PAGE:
So what’s a poor consumer to do?  First,  accept the fact that  incandescents are an obsolete, inefficient  technology and you won’t be able to  buy them forever. The choice  between CFLs and LEDs, for now at least, is partly  financial and partly  aesthetic. LEDs are more expensive, but they last longer,  so if you can  afford to spend the extra money, you’ll end up even or better in  the  long run over CFLs. As for the aesthetics, check out several different   ENERGY STAR labeled lamps and figure out what kind of light you like,  then  stock up on them.

You can also look for the Lighting Facts  label, a sort of nutrition label  for lamps that includes the energy  used in watts, brightness in lumens,  estimated yearly energy costs, lamp  life, and the light appearance.  This  helps you compare different lamps  just like your breakfast cereal.  So go  forth and shop for your new  bulbs. With a little effort and research you can  find some that you  like that will save energy and money for many years.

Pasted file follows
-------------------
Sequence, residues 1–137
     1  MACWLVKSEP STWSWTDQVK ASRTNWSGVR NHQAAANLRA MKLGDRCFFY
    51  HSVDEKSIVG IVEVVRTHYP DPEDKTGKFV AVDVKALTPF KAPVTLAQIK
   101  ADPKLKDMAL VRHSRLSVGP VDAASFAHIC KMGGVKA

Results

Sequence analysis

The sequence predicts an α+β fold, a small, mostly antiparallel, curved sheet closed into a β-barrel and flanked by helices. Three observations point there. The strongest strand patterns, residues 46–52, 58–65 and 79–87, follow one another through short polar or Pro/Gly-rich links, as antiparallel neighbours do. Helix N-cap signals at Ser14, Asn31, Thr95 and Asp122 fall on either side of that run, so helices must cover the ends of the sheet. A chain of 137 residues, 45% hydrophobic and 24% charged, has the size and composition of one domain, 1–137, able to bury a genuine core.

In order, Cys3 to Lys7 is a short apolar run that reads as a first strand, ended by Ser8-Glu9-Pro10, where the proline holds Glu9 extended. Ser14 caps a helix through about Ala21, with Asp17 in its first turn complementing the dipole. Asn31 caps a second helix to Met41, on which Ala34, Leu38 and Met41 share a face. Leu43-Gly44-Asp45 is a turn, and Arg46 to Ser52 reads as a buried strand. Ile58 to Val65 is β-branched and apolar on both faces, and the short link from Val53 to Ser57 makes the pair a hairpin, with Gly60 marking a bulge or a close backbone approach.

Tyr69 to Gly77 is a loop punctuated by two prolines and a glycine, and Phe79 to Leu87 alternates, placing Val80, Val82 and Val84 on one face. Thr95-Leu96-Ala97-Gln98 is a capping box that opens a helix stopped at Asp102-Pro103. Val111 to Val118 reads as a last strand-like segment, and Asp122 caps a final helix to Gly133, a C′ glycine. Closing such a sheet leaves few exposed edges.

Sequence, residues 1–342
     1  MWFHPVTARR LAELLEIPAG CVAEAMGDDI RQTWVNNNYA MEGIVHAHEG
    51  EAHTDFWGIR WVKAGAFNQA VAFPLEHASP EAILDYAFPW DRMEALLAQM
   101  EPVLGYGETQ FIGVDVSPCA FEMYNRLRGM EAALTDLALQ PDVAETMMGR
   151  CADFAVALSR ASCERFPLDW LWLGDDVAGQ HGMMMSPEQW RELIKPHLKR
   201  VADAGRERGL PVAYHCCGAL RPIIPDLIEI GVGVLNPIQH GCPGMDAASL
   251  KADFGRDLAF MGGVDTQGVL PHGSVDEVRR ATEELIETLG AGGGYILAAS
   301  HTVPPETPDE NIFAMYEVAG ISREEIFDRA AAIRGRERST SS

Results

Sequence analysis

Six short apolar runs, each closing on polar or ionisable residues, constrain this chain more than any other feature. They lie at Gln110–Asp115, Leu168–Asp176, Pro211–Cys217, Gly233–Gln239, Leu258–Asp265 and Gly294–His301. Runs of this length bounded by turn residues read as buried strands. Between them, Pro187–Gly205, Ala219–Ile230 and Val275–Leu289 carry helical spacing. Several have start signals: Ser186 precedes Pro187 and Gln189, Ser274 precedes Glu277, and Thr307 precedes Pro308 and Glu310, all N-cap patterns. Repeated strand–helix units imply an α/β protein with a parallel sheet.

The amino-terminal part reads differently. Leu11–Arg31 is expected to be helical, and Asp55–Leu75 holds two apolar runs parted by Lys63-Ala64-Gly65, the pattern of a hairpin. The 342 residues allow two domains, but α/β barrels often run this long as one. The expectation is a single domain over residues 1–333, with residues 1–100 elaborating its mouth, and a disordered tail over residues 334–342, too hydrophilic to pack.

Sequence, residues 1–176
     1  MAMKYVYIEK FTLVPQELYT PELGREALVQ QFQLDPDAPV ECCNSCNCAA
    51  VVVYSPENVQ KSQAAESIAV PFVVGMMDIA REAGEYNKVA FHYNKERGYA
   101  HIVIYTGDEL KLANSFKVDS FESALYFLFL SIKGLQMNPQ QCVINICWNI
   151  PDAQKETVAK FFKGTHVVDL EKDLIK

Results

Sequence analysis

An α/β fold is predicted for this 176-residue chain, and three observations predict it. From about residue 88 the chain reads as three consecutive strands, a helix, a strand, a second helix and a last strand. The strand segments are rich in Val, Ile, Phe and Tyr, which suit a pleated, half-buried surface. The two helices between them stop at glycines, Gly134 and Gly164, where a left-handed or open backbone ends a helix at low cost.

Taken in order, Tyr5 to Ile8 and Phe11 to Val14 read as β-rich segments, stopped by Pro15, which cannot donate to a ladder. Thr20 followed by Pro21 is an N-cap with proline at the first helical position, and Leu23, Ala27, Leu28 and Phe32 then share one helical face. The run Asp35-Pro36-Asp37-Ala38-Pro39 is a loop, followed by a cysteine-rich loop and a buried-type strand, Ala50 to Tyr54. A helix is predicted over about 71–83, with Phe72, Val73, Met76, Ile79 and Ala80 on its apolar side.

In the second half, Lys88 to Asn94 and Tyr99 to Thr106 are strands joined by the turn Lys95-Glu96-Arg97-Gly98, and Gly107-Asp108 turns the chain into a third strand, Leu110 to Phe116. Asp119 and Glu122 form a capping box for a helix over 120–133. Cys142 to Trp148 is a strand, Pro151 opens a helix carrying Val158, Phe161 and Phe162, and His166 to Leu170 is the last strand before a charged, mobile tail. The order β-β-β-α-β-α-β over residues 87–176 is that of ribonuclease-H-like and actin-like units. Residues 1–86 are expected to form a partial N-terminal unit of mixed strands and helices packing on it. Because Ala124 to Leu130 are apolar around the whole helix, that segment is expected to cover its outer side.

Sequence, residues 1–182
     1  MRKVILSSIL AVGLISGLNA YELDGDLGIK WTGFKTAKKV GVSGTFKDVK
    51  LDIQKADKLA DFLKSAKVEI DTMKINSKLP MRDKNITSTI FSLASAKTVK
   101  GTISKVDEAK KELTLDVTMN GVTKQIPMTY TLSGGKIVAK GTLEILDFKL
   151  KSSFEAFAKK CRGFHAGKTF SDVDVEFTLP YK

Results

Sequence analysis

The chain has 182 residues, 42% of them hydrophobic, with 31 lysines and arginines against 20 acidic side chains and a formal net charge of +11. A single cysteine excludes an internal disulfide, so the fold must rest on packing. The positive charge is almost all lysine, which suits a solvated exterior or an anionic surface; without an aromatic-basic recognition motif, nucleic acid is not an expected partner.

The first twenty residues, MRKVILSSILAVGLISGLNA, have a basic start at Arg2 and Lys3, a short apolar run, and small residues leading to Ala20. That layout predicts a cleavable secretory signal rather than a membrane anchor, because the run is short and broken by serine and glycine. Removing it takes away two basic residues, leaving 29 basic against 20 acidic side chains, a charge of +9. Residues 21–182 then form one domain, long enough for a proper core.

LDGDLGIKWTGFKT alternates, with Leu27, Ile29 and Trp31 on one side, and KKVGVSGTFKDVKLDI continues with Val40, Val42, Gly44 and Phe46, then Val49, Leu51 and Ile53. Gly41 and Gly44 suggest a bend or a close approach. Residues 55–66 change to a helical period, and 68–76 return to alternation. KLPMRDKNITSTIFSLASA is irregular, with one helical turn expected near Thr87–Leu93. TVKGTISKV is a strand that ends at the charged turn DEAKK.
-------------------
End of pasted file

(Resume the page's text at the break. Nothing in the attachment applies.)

How to Welcome Opportunities

How to Welcome Opportunities


By Erica Sofrina, Author of Small Changes, Dynamic Results! Feng Shui for the Western  World.

The ancient Chinese practice of Feng Shui puts a great deal of emphasis on  the entryway to the home. It is considered the “mouth of chi” where all of our  opportunities come to us. This may seem like a bit of a stretch to westerners,  however, in recently reviewing my old Interior Design textbook from years ago, I  saw that it presented some of the exact same concepts as this 3,000-year-old  practice.